On this episode of Conservation Ag Update, brought to you by Martin-Till, no-tillers from across the world weigh in on the million-dollar question, “How do you control slugs?” 

In the Cover Crop Connection segment, associate editor Mackane Vogel pays a visit to no-tiller Jay Baxter for an up-close look at the impact cover crop mixes are having on his Georgetown, Del., farm. Plus, No-Till Living Legend and Conservation Ag Operator Fellow Ray McCormick shows how balansa clover, crimson clover and annual ryegrass paid off after 5 inches of rain in southern Indiana.

Also in the episode, Eagle, Wis., no-tiller Tyler Troiola explains why he's trying John Deere See & Spray Premium this summer and talks through the potential challenges the technology could face in a no-till, cover crop system.

Plus, the co-owners of John Deere dealer Eis Implement share some perspective on the latest no-till trends in their neck of the woods, and research associate Connor Sible provides an update on a biologicals and residue management study at the Univ. of Illinois! 

This episode of Conservation Ag Update is brought to you by Martin-Till.  

Our customers believe that Martin-Till®️ products provide an excellent return on their investment. We know this because a large percentage of them are repeat customers since the beginning in 1991. Our planter attachments help make it possible to plant into higher levels of residue and moisture. Higher levels of mulch means less erosion, improved soil tilth and fertility, which can reduce production costs.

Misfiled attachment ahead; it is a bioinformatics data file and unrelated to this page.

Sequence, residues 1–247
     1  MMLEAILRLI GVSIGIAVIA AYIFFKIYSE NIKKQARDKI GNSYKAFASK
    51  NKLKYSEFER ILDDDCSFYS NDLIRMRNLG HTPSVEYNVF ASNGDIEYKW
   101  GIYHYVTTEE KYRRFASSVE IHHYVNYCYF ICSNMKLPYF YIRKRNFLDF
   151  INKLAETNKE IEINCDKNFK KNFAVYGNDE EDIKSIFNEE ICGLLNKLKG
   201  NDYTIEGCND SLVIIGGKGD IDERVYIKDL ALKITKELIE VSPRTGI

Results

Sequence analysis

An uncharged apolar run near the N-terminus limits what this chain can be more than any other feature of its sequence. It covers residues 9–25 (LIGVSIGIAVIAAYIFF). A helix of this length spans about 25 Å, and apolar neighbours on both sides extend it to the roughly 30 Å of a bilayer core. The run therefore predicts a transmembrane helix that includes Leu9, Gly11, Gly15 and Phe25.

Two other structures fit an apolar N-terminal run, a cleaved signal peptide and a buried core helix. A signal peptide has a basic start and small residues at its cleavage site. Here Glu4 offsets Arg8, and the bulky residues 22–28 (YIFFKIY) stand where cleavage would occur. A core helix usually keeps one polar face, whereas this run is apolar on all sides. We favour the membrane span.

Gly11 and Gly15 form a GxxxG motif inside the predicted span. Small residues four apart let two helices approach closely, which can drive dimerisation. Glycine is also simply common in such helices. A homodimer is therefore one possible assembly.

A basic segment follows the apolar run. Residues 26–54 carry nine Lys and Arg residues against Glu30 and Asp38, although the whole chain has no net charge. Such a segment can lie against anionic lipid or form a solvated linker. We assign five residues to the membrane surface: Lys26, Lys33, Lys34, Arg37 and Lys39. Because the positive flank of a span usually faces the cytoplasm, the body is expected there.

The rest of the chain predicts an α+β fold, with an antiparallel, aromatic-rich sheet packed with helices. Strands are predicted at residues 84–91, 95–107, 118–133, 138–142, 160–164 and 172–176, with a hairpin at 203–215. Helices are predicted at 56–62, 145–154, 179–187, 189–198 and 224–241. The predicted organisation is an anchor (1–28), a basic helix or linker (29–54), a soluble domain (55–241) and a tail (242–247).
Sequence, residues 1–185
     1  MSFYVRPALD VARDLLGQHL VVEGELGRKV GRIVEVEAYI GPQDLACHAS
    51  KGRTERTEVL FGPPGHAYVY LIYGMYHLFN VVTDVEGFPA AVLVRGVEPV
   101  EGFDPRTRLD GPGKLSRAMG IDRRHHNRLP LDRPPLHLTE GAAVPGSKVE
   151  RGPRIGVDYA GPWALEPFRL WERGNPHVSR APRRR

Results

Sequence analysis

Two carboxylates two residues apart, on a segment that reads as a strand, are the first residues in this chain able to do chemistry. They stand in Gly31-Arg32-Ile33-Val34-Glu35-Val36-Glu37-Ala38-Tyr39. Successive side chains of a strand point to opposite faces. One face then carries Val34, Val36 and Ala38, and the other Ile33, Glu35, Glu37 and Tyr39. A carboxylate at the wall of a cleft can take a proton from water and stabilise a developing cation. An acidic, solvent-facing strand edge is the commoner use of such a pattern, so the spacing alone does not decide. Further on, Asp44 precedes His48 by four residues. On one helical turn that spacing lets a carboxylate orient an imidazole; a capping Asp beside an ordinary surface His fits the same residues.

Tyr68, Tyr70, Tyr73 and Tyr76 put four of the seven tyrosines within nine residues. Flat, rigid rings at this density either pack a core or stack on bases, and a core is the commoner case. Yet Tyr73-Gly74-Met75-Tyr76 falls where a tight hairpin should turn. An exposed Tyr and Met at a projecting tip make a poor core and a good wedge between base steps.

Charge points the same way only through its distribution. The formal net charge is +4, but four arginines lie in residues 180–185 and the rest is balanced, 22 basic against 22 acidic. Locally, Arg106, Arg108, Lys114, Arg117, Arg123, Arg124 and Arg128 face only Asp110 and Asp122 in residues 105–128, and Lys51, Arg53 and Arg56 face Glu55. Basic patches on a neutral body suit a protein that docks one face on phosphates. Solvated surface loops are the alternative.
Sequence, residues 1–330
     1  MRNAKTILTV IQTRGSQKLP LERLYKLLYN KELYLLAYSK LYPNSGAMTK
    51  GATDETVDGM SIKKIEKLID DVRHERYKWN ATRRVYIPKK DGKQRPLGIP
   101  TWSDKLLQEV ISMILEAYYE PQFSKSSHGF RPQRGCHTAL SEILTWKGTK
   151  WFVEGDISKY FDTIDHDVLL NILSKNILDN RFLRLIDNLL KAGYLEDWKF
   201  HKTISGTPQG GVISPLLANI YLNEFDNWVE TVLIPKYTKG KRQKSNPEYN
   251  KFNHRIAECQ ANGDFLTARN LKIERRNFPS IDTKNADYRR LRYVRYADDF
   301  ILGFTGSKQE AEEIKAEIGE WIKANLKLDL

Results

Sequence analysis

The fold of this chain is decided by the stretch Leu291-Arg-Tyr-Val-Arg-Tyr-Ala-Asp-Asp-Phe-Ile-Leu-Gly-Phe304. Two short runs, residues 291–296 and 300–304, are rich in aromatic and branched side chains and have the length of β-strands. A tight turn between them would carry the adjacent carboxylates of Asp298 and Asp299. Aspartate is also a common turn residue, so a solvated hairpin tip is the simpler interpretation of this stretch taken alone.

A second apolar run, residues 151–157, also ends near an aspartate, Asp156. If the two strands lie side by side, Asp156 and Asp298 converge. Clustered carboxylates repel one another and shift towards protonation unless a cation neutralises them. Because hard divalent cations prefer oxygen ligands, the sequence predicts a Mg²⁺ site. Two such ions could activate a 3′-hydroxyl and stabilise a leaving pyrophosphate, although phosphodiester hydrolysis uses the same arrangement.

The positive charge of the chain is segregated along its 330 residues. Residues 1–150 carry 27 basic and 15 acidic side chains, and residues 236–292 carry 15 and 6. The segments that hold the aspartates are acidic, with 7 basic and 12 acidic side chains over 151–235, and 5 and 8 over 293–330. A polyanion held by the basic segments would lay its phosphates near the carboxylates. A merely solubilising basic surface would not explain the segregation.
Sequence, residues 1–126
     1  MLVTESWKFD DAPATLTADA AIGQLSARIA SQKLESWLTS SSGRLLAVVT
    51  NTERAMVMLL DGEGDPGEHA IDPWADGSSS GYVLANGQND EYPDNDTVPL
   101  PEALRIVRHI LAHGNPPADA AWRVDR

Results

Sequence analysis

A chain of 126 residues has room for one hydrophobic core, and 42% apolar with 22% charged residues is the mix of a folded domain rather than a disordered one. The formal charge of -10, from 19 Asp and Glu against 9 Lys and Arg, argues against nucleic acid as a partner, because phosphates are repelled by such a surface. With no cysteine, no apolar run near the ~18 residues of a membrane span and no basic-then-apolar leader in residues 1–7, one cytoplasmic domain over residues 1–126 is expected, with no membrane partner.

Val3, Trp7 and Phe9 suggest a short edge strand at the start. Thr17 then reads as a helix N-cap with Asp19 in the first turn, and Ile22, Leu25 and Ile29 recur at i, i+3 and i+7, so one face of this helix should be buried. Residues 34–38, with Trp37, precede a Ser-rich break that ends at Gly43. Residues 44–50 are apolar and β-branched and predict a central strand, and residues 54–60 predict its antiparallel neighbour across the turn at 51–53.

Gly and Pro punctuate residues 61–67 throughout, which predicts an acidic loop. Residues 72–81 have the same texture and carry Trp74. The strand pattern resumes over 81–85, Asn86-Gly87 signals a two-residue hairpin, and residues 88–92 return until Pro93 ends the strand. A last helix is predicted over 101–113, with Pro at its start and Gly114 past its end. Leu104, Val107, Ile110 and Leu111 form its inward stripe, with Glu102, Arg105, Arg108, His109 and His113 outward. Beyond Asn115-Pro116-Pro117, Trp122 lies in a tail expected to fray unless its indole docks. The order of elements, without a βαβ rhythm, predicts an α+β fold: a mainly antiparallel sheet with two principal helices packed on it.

Martin-Till’s goal is to increase yields and save you time and money. We hope you find something from our product offerings of row cleaner, UMO’s, closing wheels systems and recently added concaves that will make this year’s planting & harvesting go better for you. After all, you deserve the best!



Jump to a section or scroll for the full episode...

How Do You Control Slugs?

Welcome to CAU! We’re jumping right in with our question of the week, a timely one that comes to us from the No-Till Email Discussion Group. “What do you do to control slugs?” The million-dollar question with a million different answers.

“We’ve had a lot of slugs over the past 3-4 years in no-till fields…Once we find the first measurable feeding on corn or beans, we either apply slug pellets to the lower and shaded areas, or the whole field, depending on slug pressure. Deadline slug pellets are what we use at 10 pounds per acre with an electric spinner spreader on a 4-wheeler. It spreads 40 feet.”